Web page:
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by on February 13, 2018
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AN ASSOCIATION OF top Republican law enforcement officials has created a secret online bulletin board called the “Briefing Room” that’s allowing big donors to help shape legal policy, according to records reviewed by MapLight and The Intercept.

The Republican Attorneys General Association frequently directs officials working for GOP attorneys general to review files posted on the file-sharing website before participating in conference calls hosted by RAGA’s nonprofit policy arm, the Rule of Law Defense Fund. The association works to get Republicans elected to the top law enforcement job at the state level. The Briefing Room is hosted by RLDF on the virtual cloud website, box.com.

President Donald Trump poses with the National Association of Attorneys General in the State Dining Room of the White House, Washington, D.C., Feb. 28, 2017

Republican law enforcement officials in more than a dozen states denied having records of the bulletin board or argued that documents kept on the Briefing Room shouldn’t be made public. Nine offices said they have no records of communications with RAGA or RLDF. While communications between elected officials and RAGA and RLDF should be subject to disclosure under open records laws, the secret bulletin board can shield the correspondence from public reach.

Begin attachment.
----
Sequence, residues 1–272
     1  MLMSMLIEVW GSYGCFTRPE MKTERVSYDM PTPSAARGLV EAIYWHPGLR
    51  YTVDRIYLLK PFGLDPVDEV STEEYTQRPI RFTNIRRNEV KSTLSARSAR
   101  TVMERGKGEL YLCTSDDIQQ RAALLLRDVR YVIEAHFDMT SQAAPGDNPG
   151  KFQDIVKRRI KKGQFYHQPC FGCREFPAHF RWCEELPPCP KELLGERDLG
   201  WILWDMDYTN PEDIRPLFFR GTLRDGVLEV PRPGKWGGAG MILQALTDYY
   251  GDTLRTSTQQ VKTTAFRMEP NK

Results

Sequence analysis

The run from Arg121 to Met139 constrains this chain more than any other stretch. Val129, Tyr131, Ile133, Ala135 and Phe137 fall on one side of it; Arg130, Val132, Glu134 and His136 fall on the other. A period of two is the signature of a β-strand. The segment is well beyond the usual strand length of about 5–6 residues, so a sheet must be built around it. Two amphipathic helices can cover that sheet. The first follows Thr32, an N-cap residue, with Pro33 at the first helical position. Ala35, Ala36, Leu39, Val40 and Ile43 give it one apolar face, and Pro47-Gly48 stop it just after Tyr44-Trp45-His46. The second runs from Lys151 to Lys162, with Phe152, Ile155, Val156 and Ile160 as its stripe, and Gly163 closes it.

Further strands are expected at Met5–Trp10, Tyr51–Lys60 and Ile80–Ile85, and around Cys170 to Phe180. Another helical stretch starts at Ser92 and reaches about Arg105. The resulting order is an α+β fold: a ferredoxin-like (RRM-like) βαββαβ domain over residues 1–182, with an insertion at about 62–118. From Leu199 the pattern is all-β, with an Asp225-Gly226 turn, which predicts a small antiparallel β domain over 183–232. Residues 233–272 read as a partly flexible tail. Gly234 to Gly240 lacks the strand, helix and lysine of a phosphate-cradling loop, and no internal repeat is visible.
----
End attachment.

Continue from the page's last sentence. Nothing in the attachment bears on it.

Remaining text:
Zack Roday, a RAGA spokesperson, said the Briefing Room is a tool for RLDF staff to share policy documents “with the RLDF team.” When asked about a past RAGA information sheet that offered “posting access” to the Briefing Room for donors who give more than $25,000 annually, Roday said the file “was worded incorrectly and has been changed.” However, the 2018 RAGA membership sheet contained the very same offer. Roday insisted that only RLDF staff can upload documents to the bulletin board.

Ethics experts said Republican attorneys general — who are responsible for ensuring compliance with open records laws — are improperly hiding their own policy dealings from the public.

“It looks like a clear effort on the part of these attorneys general’s offices to evade their transparency requirements under open records laws by keeping documents on this website,” said Brendan Fischer, a lawyer at the Campaign Legal Center in Washington, D.C. “They have the ability to access these records, the records are connected to their official duties, and they’re just refusing to turn them over.”

Working With Donors

In recent years, ethics watchdogs have criticized RAGA because its members worked with donors like Devon Energy to challenge Obama-era air pollution regulations. RLDF has helped GOP attorneys general organize some of their federal challenges. Environmental Protection Agency chief Scott Pruitt previously chaired RAGA and RLDF while he was Oklahoma’s attorney general; he sued the EPA 14 times while in that role.